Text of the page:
Logansport Pharos-Tribune from Logansport, Indiana on January 19, 1958 · Page 1
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Logansport Pharos-Tribune from Logansport, Indiana · Page 1

Logansport, Indiana
Issue Date:
Sunday, January 19, 1958
Page 1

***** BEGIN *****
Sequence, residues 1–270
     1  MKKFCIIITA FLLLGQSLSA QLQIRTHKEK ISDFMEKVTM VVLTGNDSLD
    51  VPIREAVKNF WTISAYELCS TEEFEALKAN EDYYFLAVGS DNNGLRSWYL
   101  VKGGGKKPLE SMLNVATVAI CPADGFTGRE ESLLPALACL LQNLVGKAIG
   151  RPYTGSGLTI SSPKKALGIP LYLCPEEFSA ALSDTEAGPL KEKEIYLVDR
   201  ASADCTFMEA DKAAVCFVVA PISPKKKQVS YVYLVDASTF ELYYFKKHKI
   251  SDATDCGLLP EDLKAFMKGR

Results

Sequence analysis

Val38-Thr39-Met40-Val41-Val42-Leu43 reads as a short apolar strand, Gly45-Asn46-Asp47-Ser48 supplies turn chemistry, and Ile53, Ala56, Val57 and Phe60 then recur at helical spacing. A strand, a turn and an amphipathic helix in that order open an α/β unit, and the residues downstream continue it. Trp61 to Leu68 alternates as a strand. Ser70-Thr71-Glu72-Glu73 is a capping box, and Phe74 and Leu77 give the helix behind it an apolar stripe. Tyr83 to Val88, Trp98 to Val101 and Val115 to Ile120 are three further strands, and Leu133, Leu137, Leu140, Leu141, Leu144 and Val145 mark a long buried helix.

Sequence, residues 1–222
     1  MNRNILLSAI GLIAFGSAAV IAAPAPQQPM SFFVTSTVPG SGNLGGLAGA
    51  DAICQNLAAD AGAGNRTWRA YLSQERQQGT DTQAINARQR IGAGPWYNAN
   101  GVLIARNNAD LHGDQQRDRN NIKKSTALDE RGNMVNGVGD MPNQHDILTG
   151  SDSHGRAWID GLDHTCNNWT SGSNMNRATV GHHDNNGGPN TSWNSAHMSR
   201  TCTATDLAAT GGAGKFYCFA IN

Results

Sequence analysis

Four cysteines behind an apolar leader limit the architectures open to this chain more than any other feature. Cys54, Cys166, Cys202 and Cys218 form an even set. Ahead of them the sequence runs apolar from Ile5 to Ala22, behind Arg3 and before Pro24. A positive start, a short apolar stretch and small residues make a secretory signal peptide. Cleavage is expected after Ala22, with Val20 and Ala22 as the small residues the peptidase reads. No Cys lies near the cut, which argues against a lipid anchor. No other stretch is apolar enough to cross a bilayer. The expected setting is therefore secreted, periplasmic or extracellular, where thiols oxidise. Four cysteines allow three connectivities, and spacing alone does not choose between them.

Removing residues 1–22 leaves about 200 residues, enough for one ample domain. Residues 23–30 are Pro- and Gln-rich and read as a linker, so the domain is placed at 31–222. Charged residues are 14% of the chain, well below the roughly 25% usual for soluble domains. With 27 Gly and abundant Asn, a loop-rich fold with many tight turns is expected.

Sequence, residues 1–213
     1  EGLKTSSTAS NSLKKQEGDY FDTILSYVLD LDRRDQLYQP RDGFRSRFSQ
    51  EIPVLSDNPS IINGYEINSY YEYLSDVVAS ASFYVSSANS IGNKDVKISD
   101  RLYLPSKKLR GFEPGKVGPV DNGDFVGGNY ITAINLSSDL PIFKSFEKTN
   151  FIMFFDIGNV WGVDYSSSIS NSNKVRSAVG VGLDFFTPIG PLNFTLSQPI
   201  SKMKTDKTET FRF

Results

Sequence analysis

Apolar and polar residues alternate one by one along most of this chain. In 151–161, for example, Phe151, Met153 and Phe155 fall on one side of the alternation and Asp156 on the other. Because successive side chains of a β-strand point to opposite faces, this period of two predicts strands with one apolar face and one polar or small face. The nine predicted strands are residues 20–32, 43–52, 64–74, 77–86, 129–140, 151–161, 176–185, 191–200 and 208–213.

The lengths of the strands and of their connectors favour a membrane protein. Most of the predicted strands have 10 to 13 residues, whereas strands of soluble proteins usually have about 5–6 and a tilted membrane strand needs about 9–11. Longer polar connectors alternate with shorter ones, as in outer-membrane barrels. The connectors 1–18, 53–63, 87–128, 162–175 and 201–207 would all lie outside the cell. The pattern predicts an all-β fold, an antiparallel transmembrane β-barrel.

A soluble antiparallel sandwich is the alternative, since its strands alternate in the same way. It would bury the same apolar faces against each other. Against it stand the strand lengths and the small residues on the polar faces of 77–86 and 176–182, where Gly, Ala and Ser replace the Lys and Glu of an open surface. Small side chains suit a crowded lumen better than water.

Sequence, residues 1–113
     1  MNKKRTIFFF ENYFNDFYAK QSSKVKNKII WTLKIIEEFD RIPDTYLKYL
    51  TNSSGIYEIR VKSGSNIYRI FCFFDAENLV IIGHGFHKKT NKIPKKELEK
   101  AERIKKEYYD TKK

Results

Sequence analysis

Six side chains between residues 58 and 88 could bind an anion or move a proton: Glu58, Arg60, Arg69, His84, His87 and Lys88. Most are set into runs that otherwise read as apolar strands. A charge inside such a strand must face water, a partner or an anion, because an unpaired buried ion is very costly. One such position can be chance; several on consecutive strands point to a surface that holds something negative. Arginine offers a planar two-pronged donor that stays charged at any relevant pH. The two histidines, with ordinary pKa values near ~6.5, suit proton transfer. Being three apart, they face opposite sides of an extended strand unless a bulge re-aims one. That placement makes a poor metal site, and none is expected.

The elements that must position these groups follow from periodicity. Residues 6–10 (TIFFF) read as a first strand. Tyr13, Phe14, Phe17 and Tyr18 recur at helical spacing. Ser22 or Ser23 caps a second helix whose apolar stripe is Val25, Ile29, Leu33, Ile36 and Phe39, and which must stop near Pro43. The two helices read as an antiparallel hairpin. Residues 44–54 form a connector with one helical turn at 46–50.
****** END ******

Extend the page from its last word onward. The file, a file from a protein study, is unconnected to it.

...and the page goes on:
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' - . LUdANSPQK! PUBLIC LIBRAKi Royal Center Wins County Basketball Tourney [See Sports Page] Indians Break Up Klan Rally MAXTON, N.C. (AP)—A thousand Indians, manned with shotguns and rifles, broke up a Ku Klux Klan rally near here Saturday night. An Associated Press photographer at the scene scene said "several thousand rounds" of ammunition was i'^red and that police rescued the Klansmen. AP photographer Rudy Faircloth said most of the shots were fired in the air and into the ground and that he saw only one person with a flesh wound. He quoted Capt. C. R. Williams of the North Carolina Highway Patrol, who arrived with IB officers to break up the riot, as saying no one was hurt. Faircloth said about 1,000 Indians of the Lumbee tribe, most of whom live on Robeson County in the southeastern part of the state, congregated across a highway from a spot designated by the Klan as the site for a rally. They waited patiently until the announced starting time for the rally—8:30 p.m. (EST). Klansmen Arrive Shortly after 8:30 Faircloth said, about 15 Klansmen carrying shotguns arrived and set up a loudspeaker microphone in an open field. Only one of the Klansmen was robed. The Klan group stood around the microphone, lighted with a single light bulb hanging from a cross-wire. Across the road, Faircloth related, several Indians began To ask aloud, "Where is Mr. Cole?" The Rev. James Cole, a free will Baptist preacher, is the self- styledjeador of the Ku KKix Klan in North Carolina. After waiting for some 20 more minutes, the Indians moved across the highway. One of them raised his shotgun and shot out the single light bulb. Indians Start Firing . Then, Faircloth related, every armed Indian in the horde which crossed the road and those who remained at their original spot, started shooting. In total darkness, a number of Klansmen fled as did scores of LOEANSPORK —Cartoon by Marvin Pumel, 23 East Columbia St. Colder Here Than In Sitka! Eskimo Boy Here To Study Joe Pungowiyi, Eskimo exchange student, arrived in Logansport Friday evening and will enroll as a junior in Logansport high school ior the second semester which b»gins Jan. 27. Joe's trip here was made possible by the Logansport Rotary dub in cooperation with the Rotary club at Sitka, Alaska. Joe, 18, will reside at Rev. Harold people who had parked their cars h n his freshman year at the l",, an _° pen fleld ad J acet »t to the'sheJdson-Jackson academy and rally site. Williams arrived with heavily armed state troopers while the shooting was still going on, Faircloth said. He quickly restored order. One of the Indians, Faircloth said, told Williams: "We will respect the law. We will leave when you tell us to." Some Get Stuck Faircloth said several of the Klansmen couldn't get a w a y. Their autos became .stuck in deep sand in their parking area. While the Klansmen were seated in their cars ready to leave, Faircloth said, Indians went through the lot shouting at the beleaguered Klansmen and knocking on the sides of their autos with shotgun butts and sticks. They did not fire directly at the stranded autos, however, and the shots that were fired went off into the air or into the ground. IN HOSPITAL Mrs. James Murdock, Burnettsville, is in St Joseph hospital' with back injuries The car in which she was riding was bumped by another on Broadway, between Fifth ar.d Sixth, at 4 pm. Saturday. FANS RIOT LONDON, Sunday iffi — Police early Sunday battled rioters wh» tried to overturn automobiles in downtown Piccadilly Cirous. junior college at Sitka. He . was student at that school two and one- half years and will return there following his semester at LHS. Ills home town i» Sayoonga, on St. Lawrence island, just 30 mile* Iro'm Siberia. Joe said St. Lawrence island is about 10 miles long and 20 miles wide. Savoonga's population is 250. Before attending school at Sitka, Joe was enrolled in a school near his home. For the first half of the semester Joe will reside at Rev. Harold King's home, 707 Spencer, and during the last half at the William Steinhilber home, 2601 High, according to present plans. Joe attended the Logansport- Richmond basketball game Friday night and following the game said the players here are taller than the Alaskans. He said the average basketball player in Alaska is under six feet. Play It There Too Basketball, Joe reported, is JOE PUNGOWIYI served six years in the U.S. Army. Since his home is close to the Russian border, Joe has had occasion to go close to Siberia. He ;hinks that possibly on. a hunting .rip he might have' crossed the border in a fog, but not intentionally. popular among the Eskimos. It is organized much similar to Indiana basketball. Other popular sports there are' baseball, volley ball and soccer. Joe said he hopes he can take 'here about the same courses he has been taking'- at Sitka. They are typing, chemistry, geometry, English, U. S. History, physical education and the Bible. The last four are required subjects. In Alaska, Joe said, boys have to sports. Using rifles, the Eskimo usually hunts seals and polar Scars, • It is colder here than it Sitka, at least now, Joe lays. The weather there is generally warm but there Is quite a bit of rain. At Joe's Th« trouble started when police; register for the draft when they arrested some rowdy football fans. 1 are 18, just as here. Joe's dad 'Go' Sign For World Orbiting Satellite WASHINGTON W>—Heavily-censored testimony of defense contractors revealed Saturday that the Air Force has ordered development of "large scale satellite vehicles" for feconnaisance. In the same transcript, released by the Senate Prepardness subcommittee after. Pentagon clearance, these contractors said lack of funds caused cancellation of a plan for developing an airborne system for advance warning of long range enemy missiles. . .Eugene Root, vice president and general manager of Lockheed Aircraft Corp., discussed these matters at a secret session Wednesday. Most of his testimony, along with that of two other Lockheed officials — Robert Gross, board chairman, and R. A. Bailey, chief of advanced systems—was deleted from the transcript made available to newsmen. Root testified the Air Force "has given us the go ahead" for developing a reconnaissance sat- tellite that could orbit the world and then return. He said the contract was by letter and on "a limited basis" even though Airce Leaders had considered such a satellite since 1946. Root told senators. security restrictions should be lifted so more intornaatian caa be released about this development. He suggested the Air Force should announce "that we have large scale satellite vehicles being currently de veloped . . . that orbit flights can be initiated just .as soon as these missiles are available in sufficient quantities . . ." Jhe Weather Indiana: Fair Sunday morning, increasing cloudiness by afternoon with light snow or freezing drizzle north portion and 'snow or rain south portion Sunday night. Monday cloudy with rain ' or snow south and east portions. Continued rather cold. Illinois: Increasing cloudiness Sunday with light snow' or freezing drizzle northwest portion spreading to northeast portion by night. Snow or rain south portion afternoon or night, Monday partly cloudy, north, cloudy south with snow or rain extreme south portion. Continued rather cold. ..Lower Michigan: Sunday.mostly cloudy and rather cold. High ^in the 20s..' • Ohio:, Mostly cloudy Sunday. Some snow flurries near Lake Erie. Chance of some snow in ex treme southern portions Sunday or Sunday night. High 27-34. home it is colder than here. Today's Eskimos have gone modern. Boats with 25 horsepower motors are used for travel but when the water is covered with ice, old-fashioned dog sleds, are stilll uwd. Joe makes the trip from home to school by steamer except when ice covers the water. Then he combines dog sled and airplane havel. — I Prices in Alaska are generally [higher than here, Joe said, due to the transportation costs. Higher prices are customary, in .food : Jsnd clothing lines/ f' ' •"•".' Joe was in .the United. States once before. That was last ittmmer when he came to Stattle, on a lish- jing trip. He plnns to enter the University of Alaska at Fairbanks upon completion of high school. Plans for a career are still undetermined. The Eskimo is spoken in his THE SUNDAY LOGANSPORT PRESS ALL PHONES 4141 UNITED P«SS LOGANJCOItT, INDIANA, SUNDAY, JANUARY l», 1951 THE ASSOCIATED MESS PRICE TEN CENTS SECOND DEATH FROM COLLISION Dale Dilts Dies Of Head Injuries Fraud On Bank; Four Men Held PHILADELPHIA Iff) -. The FBI arrested four men Saturday on charges of being involved in a $292,395 fraud' at the First Penn- iylvania Banking and . Trust Co. Two of the four men arrested were bank employes accused of misapplying the money on behalf of the other two defendants who are co-owners of a tire company with an account at the bank. Testimony before U.S. Commissioner Henry P. Carr revealed that Victor A. Leszczynski, 28, an assistant treasurer at the bank, received a $35 record player and $200 in cash from the Lincoln Tire Co., named as beneficiary in the scheme. Joseph F. Sisko, 33, Leszczynski's brother-in-law, and a supervisor in the bank's transit department, received nothing, it was testified. The co-owners of the tire company were identified as Harry Kravitz and Jack Rovner. All four are Philadelphians. Kravitz and Rovner were charged with aiding and abetting the two bank employes. Checks Held Up At the arraignment,. FBI agent Paul Hagan .testified that a number of checks made out by Lincoln Tire were found in the desks of the two bank employes totalling nearly $30,000. ' He said the checks had been issued., by Kravitz.and Rovner to Lincoln creditoA between September,, of last year and Friday, a perjod'xhirlhg: which Lincoln's ac- coiiint at (he^bank failed to cover the amounts' involved. Carrie tiammontree Dies; Employed At Golden Rule 57 Yrs. Mrs. Caroline "Carrie" Hammontree, 81, wife of Fred, of 116 Center street, died at 6:30 a.m. Saturday at St. Joseph's hospital. She was admitted there a few days ago. A veteran employe of The Golden Rule, she retired in 1954 after 57 years of service in the store. For many years she had charge of the hosiery and glove departments. A native of this city, the/daughter of Mr. and Mrs. Peter Keller, she was born Dec. 11, 1876. She was a member of St. Bridget's church and the Altar and Rosary society. Friends may call at the Kroeger funeral home after noon today. Final services will be at St Bridget's church at nine o'clock sion b "t tfie Rhody car also Tuesday. The Reverend Father swerved and the autos crashed A head-on collision Friday nigh't on U.S. 35, V-/--. miles northwest of Logansport, claimed its second victim Saturday when Dale L. Dilts, 39, a Winamac building contractor, died at 6:46 a.m. in Memorial hospital. Millard (Pete) Rhody, 62, Royal Center, was dead on arrival at Memorial hospital, where he was taken after the accident at 6:45 p.m. Friday. Dilts was in a south-bound car driven by John Kelly, 38, Winamac, who received a fractured right collar bon« and severe facial cuts. Kelly was reported in fair condition at Memorial hospital Saturday night. Kelly told State Trooper Richard Keyes that the north-bound Rhody car appeared to be left of the center line as it approached. He swung to the left to avoid a colli- home but at school the predominant vocabulary is English. His parents speak a little English. Igloo Is "Home" What is an igloo? The popular belief is that an igloo is an Eskimo home made of ice or snow but Joe tells us an igloo is the Eskimo word for fane, ice or no ice. Hunting is one of Joe'i favorite j JTO has a brother, 15, and a John Batchelor, Once Local PRR Man, Dies At 74 John C. Batchelor, 74, retired Pennsylvania employe, who formerly lived here on Fifteenth- street, died at 4:45 Friday afternoon in Narberth, Pennsylvania. He had been ill since a stroke March 24, 1057.' Employed as a ticket agent, he had been in .the employ of the railroad for 50 years before his retirement. A native of Fulton county he was born Oct. 31, 1883, son of James and Mary Bridegroom Batchelor. Survivors are his wife, the former Edith Rogers; a daughter, Mrs. Monica Cook, Washington Crossing, Pa.; one son, Calvin R. 1 , Cincinnati, 0.; seven grandchildren. He was a member of .Tipton Lodge, No. 33, F. and A.M. and was Past Master and former secretary of the lodge here. Friends may call after four o'clock Monday at the McCloskey- Hamilton funeral home. Final rites will -be at -the funeral home at two' o'clock Tuesday. Rites will be under auspices of the Masonic lodge. Burial will be in Mt, Hope cemetery. Clothes Caught InPkkerJornOU Edgar Hardy, Noble township farmer,, was in the market lor some new clothes Saturday afternoon after his left leg was . caught in a corn picker. He was treated by a local physician for scratches and bruises, but his most serious -loss was the two pair of pants and a suit of underwear be wWwear- ing. • •. '-•• .:..•; sister, 13. Since autos are rare around Joe's home, he has never learned to drive. Rev. King is chairman of the Kotary's International Projects committee, which is in charge of exchange students.. He announced that the local organization hopes some day to have the program on a full year basis with high school juniors participatng. JC Dinner Wednesday The selection .of the most outstanding man in civic affairs will highlight the Junior Chamber of Commerce annual Boss Night banquet. Wednesday evening at the Country club. . Winner of the DSA award does not have to be a Jaycee, but must be between 21 and 35 years old. Each .local service club nominates a man, and the final judges are Mayor Ralph Eberts ,the two local bank presidents, ar.d the president of First Federal Savings 1 arid Loan Association, said Charles Hefley, Jaycee chairman, Last year's- winner was Clyde Bidainger. Francis Meehan will officiate and burial will be in Mt .Hope cemetery. The Altar-Rosary society will meet for prayers at 8 p.m. Monday at the funeral home. Runs Bus Over Bank, Saves All PERRY, Ark, W) — A driver's split-second decision Friday night to send his school bus, carrying 35 teen-agers,- hurtling down .a 16-foot embankment rather than risk collision with a train possibly saved the lives of all aboard. Only five of the boy and girl _..... ... , basketball players and a coach The checks were paid by the TOre hurt f^y were treated at bank but, according to Hagan, they never got to the bookkeeping department. Leszczynski and Sisko had been stashing them away in their,desks, he said. He said they wrote themselves memos to charge off the checks o Lincoln Tire when the company lad a sufficient balance-. Meanwhile, as Hagan explained the scheme, the. checks were charged against two of the bank's own accounts. Hagan said that as of Saturday Lincoln's account at the bank was only $2,000. Jersey Dust Storm Causes 15-Car Crash NEW BRUNSWICK, N. J. Wl— A grinding duststorm turned day nto night along 10 miles of the New Jersey Turnpike Saturday, causing a 15-vehicle pileup. Frozen windblown dust particles peppered cars and reduced visibility to zero. One motorist apparently unable to see, slowed down, was hit from behind, and a chain- reaction started causing injuries to 13 persons, according to a police report. The southbound lane was a Other awards are: ;Key • man award—for Jaycee work in the last six months. Sparkplug awards-r-for .Jaycees showing the most interest in Jay cee committee work. Guest speaker will be Dr. Joseph Hollis, professor, of psychal ogy in the School'-of •Education a Ball State' teachers college. This yearls Boss Night Banquet corresponds -with Junior Chamber of Commerce week, which begins next week. last Chicago School Destroyed By Fire EAST CHICAGO, Ind..'W! —.Fire swept St. Stanislaus School here Saturday night with damages ten tativelv estimated at 1350,000. Police led four- women from, the basement of the Catholic., grade school, where they were preparing refreshments for - a reception of soo wedding guests planned later in the' ,»y«ing.. a hospital at nearby Morrilton and released early Saturday. Driver Charles Upton said the brakes of the . bus failed as the vehicle approached a railroad crossing. He said his lights picked up. the 'shapes of freight cars moving across' the highway. The bus veered off the roadway, down the embankment, and came to • rest against the stanchions of a railroad trestle. It did not over turn. They w«r« returning to their homes at Guy, Ark., after basketball games at Perrysville when the accident happened. head-on. Both Stay Upright The Kelly auto was swung around by the impact and came to rest against a guard rail on the left side of the road. The Rhody car, which was demolished, remained on the pavement in the middle of the northbound lane. There were no witnesses to the crash. An unidentified Star City motorist was the first person at the scene. He said he found Rhody still in his car, and said one of the two men from the other car was outside the vehicle on the highway." Traffic on the highway was snarled for about an hour as both lanes were blocked by the wreckage. The two Winamac men were en- route to Logansport to have.two pistols repaired when the accidenl occurred. Officers who investigated said the pistols were not in the car or around the scene of the accident. Three Already The deaths were the second anc third traffic fatalities in Cass county this month. Leon Ralph DePoy, 29, Macy, was killed Jan. 4 when his fuel-truck crashed anc burned on U. S. 24. .Cass county coroner M. B. Stewart attributed both deaths to heac injuries. Stewart said Dilts died ol a brain hemorrhage caused by a fractured skull. A public inquest will be held in the coroner's offico at 9 a.m. Wednesday, DIlli Dilts was born May 5, 1918 in White City, the son of Mr. and Mrs. George Dilts. He was a resident of Pulaski county for 18 years. He was a member of the Eagles Lodge in Winamac, the American Legion, Pulaski Farm Bureau, Con. •servation Club and American Trapshooting Association. He is survived by his wife, Frances Mae; four daughters, Ella Louise, Delia Lorraine, Beverly Jean and Thelma Marie, and three sons, Dale, Jr., Willard Bruce and Charles Morton, all at home; his 'ather, Royal Center; two sisters, Mrs. Elsie Hicks, Royal Center, and Mrs. Emma Hoffer, Fort ffayne; and a half-brother, Eugen* Button, Winamac. Friends may call at the Frye- Lange funeral home in Winamac, where services will be at 2 p.m. Monday. The Rev. C. D. Barringer (Continued on Page 2) Sputnik In View! CAMBRIDGE, Mass. UP) — With clear weather, most of the northern half of the United States may be able to see Sputnik II, the Soviet dog satellite, twice Sunday evening. The final stage rocket with its instruments and dead dog Laika is orbiting over the United States at just under 400 miles above the earth. Its height makes it possible to be seen more than 500 miles from its overhead path the Smithsonian mass of twisted fenders. Two of Astrophysical Observatory says, the cars were termed total Viewers in the upper half of the wrecks. country could see a .first passage Police said the storm was blown up from farm fields. The loose, frozen dirt between plowed ridges was lifted by the winds onto the road direction. The zone of visibility is moving south each day, and later in the week all sections of the country should get a view of the man-made moon.' The first passage Sunday nighl crosses eastern Canada and should be-^ visible from northeastern United States for several minutes starting about 6:22 p.m. EST. Viewers as far south as Maryland and as far west as the. centra] Great. Lakes region may be able to see. Sputnik II low in the north and northeast. In its next passage, the moon to the northeast of their position • crosses central Canada, passing and a second passage to the north- over northern Lake Huron abou west 90 minutes later. The satellite is traveling in a north-northwest to south-southeast 8:07 p.m, EST. It should be visible three or four minutes before this time as it sweeps across Canada, INDEX To outstanding features In today's Sunday Pharos-Tribum & Press A new local feature starting today: Where are they now? It reports the present whereabouts and facts about people who used to live in the city or county. (Contributions acceptable.) On page 6. Editorial page, Wine-hell, Sokolsky, Patri, Pearson, and other features, page 4. Society on pages 14, 15 and 16. Picture page (13) som» venerable lady citizens. Young Folks feature page, page 10. Teen age features, page 11, with Musical Notes and Gilbert's feature for teen agers. Oswald Jacoby's b r i d g * column, page 19. TV and radio programs, pages 17 and 18. Will Ball's Historical column, page 5. Crossword puzzles, pages 5 and 19. Child's Prayer, page 24. Golden Years and Happy Times articles, page 6. Sports on pages 8 and 9. (Royal Center wins county basketball tournament, Big Ten games, etc.) Comics on pages 20 and 21. Classified ads on pages 22 and 23. HAPPY SULLDOGS^Thli shows the Royal Center team and immediate 1 associates after the team wen the county .tournament la* alcbt. Coach Buuell Brown to *ta*dU« •» the right; student aides at left and yell leaden in front. To* Bulldogs beat Lucent la to* final fun*. (SUU Pk*U.)